They’ve been playing the long game

And now that they’ve nearly arrived, will there be room for the rest of us?

I was there for the massive pro-choice march on DC in 1992 before the Planned Parenthood v Casey decision. What a beautiful day. What a utopia of strong women.

But it didn’t last, of course.

Returning from that awesome display of sisterhood to a college campus full of conservative evangelicals in a southern state full of same—that was reality.

Arguing with would-be patriarchs in my college philosophy classes (I was often the only woman in the room) and getting anonymous bible tracts in my mailbox—that was reality.

Walking through protest lines with friends to access healthcare at clinics in town—that was reality.

Because after all, a woman’s right to full healthcare without question has never been a settled issue, especially here in the South.

I know how good they are at playing the long game. After all, they believe they have everything to gain and everything to lose.

As Dylan said, “…you never ask questions when God’s on your side.” Everyone knows you can’t argue with a zealot.

I’ve known for a long time that they’ve been encouraging fundamentalist families to be fruitful and multiply.

I’ve known for a long time that homeschool curricula steeped in fundamentalist Christian theology have increased in popularity, even outside of the home.

I’ve known for a long time that they are teaching their kids to deny science and Enlightenment values.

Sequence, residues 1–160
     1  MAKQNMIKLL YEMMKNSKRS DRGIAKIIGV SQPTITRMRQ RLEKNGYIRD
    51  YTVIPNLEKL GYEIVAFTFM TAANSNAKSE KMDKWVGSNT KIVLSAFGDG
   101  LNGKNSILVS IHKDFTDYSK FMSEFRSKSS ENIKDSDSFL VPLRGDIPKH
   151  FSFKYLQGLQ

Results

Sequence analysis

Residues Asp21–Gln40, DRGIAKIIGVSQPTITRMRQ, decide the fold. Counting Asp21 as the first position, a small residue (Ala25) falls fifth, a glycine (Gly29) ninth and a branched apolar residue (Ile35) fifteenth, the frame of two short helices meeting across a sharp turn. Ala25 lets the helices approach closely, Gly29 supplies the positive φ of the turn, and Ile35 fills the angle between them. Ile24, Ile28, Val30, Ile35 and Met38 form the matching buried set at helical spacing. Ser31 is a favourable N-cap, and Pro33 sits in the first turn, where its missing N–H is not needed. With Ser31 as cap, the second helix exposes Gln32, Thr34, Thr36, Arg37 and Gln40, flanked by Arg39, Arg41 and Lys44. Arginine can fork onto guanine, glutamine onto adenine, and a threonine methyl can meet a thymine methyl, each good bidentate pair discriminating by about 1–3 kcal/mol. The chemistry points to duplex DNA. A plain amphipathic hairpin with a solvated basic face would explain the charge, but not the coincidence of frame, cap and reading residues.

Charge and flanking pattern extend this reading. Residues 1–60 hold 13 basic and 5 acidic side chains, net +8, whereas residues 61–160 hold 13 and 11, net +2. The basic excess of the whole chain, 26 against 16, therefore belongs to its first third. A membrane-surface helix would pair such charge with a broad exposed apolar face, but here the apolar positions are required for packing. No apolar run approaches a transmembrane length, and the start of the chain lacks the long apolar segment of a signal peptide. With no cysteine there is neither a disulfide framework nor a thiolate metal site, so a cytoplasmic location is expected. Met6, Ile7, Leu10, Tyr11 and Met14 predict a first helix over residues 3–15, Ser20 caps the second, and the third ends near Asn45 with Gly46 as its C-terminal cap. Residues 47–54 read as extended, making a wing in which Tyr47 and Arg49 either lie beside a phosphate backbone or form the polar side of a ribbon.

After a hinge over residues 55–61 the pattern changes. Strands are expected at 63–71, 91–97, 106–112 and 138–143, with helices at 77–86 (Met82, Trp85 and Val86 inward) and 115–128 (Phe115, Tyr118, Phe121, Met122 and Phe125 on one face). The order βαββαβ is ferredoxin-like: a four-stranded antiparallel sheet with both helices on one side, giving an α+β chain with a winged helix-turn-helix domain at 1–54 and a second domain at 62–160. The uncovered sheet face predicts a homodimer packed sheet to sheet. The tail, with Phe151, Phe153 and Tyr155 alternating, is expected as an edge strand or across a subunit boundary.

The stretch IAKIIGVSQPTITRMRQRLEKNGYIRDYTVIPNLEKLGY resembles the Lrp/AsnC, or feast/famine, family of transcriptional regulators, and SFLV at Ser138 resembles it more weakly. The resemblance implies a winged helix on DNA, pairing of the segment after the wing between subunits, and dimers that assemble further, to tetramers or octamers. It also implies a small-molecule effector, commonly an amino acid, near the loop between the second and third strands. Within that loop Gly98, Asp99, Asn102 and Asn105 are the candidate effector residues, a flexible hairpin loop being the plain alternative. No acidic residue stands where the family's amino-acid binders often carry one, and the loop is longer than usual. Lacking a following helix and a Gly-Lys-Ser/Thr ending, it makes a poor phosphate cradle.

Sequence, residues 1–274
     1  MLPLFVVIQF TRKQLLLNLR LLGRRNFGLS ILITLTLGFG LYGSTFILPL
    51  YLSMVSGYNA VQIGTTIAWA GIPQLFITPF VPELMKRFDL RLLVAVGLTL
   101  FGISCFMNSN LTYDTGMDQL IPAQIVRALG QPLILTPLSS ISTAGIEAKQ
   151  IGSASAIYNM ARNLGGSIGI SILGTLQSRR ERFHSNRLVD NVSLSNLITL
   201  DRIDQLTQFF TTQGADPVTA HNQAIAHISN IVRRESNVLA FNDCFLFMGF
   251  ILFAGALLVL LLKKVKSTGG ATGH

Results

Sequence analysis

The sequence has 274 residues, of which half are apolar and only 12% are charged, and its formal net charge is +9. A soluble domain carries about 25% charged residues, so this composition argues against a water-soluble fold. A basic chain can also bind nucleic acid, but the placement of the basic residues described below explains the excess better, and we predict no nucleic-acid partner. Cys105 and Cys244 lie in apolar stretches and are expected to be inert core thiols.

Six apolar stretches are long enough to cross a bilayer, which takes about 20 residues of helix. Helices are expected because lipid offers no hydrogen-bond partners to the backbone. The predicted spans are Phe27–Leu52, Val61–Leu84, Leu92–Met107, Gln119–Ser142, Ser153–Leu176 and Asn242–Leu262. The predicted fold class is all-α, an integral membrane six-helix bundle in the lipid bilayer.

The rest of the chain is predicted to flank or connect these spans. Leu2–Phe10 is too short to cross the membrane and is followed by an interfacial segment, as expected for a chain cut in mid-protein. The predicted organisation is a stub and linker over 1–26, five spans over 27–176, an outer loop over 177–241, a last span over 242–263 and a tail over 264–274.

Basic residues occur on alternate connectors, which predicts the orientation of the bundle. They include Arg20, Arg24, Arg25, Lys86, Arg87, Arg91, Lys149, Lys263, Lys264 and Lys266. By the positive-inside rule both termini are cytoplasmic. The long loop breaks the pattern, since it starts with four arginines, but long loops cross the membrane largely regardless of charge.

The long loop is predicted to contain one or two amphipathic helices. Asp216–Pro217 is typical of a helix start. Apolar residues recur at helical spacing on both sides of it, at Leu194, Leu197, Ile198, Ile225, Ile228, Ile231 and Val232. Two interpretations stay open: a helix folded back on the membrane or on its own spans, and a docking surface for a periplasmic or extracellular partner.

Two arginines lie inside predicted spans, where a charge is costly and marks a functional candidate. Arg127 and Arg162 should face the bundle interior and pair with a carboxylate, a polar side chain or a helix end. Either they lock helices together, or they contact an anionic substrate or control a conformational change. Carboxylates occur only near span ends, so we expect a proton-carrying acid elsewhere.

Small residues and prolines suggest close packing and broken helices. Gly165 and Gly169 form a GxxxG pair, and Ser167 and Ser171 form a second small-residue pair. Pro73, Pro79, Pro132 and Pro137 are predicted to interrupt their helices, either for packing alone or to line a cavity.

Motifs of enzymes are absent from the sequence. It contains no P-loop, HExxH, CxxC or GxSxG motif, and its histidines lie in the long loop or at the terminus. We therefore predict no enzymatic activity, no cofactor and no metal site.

I’ve known for a long time that they’ve been educating ideologues in their universities and law schools so they can stack the courts.

I’ve known for a long time that they’ve been educating ideologues in these same universities so they can fill the legislatures.

I’ve known for a long time that they have been accumulating capital and investing wisely in lobbyists and PACs.

I’ve known for a long time that they’ve been pushing anti-abortion candidates from pulpits.

I’ve known for a long time that they represent a block of committed single-issue Republican voters, and that all a candidate need do to win their votes is to list “pro-life” credentials.

I know that sometimes they experiment with power in third-world countries by supporting and helping draft draconian legislation that punishes and even kills women and LGBTQ+ persons.

I know that they’ve been setting anchors in the U.S. by passing “religious freedom” laws.

Laws that favor their right to not be morally offended when providing public services like basic healthcare and medication.

They’ve spent at least the past decade lying about and tearing down the services of Planned Parenthood and chipping away at its status as a trusted neighborhood healthcare source for poor (often minority) women.

And I’ve known for a long time that restricting abortion and “saving babies” isn’t the true goal of their long game.

Their actual goal is nothing short of a “supernatural transformation of America” and an utter transformation of American culture.

They want to stuff the revolutions of the last century (as well as contraception, mouthy women, and uppity people of color) back into the bottle.

They want to shove LGBTQ+ people back into the closet.

They want to ship all the non-white and non-Christian people elsewhere.

And in the past week, they’ve rolled back domestic violence protections and redefined sexual assault to cover only the most visible of crimes against women and abused partners.